American Multiculturalism in the 20th Century: Dr. Javier Escudero’s “Pierre Fatumbi Verger, USA 1934-37”
Unlike typical depictions of the white American hardships during the Great Depression, French photojournalist Pierre Fatumbi Verger introduces a new lens through which to understand the multiculturalism woven into the fabric of the United States in the 1930s. As the second speaker for the CLAIS Colloquium Series this year, Dr. Javier Escudero Rodriguez offered a view into Verger’s journey across the United States, honoring his ability to use his photojournalism to construct a new, thoughtful visual identity of the country for international viewers.
Dr. Escudero’s lecture provided a glimpse into his new book Pierre Fatumbi Verger, United States of America 1934 & 1937, which showcases Verger’s ability to represent racial and cultural diversity in the U.S. through his depictions of daily life of minority populations. His book contains rediscovered photographs and interpretations that highlight Verger’s profound empathy and technical skill in both capturing the struggles of segregation, while also celebrating the beauty of African, Asian, Mexican, and Native American communities in the U.S.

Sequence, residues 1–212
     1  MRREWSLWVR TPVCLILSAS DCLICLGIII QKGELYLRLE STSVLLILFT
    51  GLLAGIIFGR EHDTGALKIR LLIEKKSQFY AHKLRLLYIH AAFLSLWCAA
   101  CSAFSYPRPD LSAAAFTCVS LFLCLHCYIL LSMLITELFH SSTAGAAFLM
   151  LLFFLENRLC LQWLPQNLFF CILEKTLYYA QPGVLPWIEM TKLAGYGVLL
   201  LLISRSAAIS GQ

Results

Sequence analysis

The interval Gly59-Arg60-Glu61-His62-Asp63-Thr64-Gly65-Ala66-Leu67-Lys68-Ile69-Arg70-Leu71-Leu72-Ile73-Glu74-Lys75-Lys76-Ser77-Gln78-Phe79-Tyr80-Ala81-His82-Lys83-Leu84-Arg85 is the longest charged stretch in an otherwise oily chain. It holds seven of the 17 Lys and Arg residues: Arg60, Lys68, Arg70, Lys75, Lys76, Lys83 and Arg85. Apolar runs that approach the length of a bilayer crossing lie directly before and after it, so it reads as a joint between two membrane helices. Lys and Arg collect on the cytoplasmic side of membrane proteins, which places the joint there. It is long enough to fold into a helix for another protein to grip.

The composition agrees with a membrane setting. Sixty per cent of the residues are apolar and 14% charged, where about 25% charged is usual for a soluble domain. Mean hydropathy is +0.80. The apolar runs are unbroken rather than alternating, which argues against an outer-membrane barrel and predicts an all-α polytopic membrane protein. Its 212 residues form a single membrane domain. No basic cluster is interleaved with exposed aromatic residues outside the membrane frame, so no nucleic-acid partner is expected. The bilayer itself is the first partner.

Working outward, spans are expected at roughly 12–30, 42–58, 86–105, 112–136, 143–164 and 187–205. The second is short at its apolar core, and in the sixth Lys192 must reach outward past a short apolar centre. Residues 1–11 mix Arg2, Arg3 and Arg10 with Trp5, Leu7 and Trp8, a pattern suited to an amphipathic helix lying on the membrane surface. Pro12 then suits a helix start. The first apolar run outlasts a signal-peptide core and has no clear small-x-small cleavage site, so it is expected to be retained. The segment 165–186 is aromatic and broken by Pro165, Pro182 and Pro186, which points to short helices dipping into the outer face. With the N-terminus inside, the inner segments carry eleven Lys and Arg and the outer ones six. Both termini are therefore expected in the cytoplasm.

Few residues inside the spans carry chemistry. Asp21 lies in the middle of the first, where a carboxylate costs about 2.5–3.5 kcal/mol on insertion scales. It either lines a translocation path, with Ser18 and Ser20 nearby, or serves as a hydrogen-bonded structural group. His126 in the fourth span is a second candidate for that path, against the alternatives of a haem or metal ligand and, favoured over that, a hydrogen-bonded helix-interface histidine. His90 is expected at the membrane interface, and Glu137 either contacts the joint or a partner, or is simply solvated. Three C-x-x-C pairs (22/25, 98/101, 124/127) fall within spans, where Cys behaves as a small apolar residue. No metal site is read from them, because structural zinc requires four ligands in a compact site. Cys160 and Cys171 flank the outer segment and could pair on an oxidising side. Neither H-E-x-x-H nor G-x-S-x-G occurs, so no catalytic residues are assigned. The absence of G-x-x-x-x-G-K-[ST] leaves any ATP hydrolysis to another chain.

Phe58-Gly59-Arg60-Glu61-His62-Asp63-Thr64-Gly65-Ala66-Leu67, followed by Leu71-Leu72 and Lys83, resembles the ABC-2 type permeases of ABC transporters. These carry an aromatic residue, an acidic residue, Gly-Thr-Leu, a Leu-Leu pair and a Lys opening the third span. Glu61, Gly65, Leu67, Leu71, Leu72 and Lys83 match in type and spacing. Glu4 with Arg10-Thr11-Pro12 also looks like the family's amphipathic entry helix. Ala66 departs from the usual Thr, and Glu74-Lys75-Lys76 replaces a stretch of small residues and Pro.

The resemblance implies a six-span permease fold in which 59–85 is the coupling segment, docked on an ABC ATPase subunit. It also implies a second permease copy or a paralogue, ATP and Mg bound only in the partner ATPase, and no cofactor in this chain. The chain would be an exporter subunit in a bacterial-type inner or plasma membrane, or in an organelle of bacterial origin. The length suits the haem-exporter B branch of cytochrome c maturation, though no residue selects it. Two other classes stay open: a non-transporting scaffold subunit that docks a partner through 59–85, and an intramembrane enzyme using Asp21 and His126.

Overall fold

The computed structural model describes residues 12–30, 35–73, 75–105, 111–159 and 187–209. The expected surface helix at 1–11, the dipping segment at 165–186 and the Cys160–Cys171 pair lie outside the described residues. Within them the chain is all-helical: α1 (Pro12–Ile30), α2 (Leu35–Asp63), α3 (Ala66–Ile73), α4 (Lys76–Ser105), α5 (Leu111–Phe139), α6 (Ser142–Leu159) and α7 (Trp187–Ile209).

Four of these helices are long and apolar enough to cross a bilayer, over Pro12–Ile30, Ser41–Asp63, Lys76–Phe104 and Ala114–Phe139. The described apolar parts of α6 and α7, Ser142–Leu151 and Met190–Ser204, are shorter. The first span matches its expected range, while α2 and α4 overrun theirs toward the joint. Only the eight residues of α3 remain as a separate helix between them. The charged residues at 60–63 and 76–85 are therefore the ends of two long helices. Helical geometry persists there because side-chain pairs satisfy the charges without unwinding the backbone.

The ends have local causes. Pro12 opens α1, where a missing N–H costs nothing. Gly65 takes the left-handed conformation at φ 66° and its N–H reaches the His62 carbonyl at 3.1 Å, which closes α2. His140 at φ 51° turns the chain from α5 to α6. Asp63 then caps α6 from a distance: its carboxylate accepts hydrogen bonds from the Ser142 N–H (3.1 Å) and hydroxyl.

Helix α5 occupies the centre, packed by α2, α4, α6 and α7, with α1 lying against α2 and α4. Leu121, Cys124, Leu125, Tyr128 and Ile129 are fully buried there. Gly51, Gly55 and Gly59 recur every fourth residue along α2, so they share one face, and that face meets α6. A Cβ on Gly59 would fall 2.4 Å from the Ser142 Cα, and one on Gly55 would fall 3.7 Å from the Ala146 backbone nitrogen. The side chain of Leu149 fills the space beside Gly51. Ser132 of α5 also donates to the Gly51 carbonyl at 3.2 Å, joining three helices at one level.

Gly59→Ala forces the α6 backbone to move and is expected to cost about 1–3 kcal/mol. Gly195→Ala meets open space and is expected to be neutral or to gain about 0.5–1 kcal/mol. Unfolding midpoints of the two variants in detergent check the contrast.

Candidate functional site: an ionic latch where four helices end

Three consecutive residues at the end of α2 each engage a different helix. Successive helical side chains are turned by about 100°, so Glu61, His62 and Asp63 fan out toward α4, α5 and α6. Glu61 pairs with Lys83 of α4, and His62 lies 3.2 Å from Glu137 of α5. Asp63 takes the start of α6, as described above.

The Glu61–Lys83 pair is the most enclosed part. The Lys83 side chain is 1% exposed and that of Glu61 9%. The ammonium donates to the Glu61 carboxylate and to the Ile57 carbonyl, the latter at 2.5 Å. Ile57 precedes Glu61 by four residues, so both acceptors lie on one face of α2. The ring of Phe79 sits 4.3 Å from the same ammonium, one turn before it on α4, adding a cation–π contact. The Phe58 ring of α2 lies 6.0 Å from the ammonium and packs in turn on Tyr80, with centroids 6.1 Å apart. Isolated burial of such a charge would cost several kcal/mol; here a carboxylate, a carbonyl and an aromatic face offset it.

Despite the extensive archives available of Verger’s work, Dr. Escudero selects lesser-known, human-centered photographs to create a thought-provoking collection. Javier Escudero Rodriguez, PhD, is an author, former professor, and founder and director of Brazil Cultural, offering academic and study abroad programs across South America, the Iberian Peninsula, and North Africa. Dr. Escudero’s book Pierre Fatumbi Verger, United States of America 1934 & 1937 will be available starting November 8.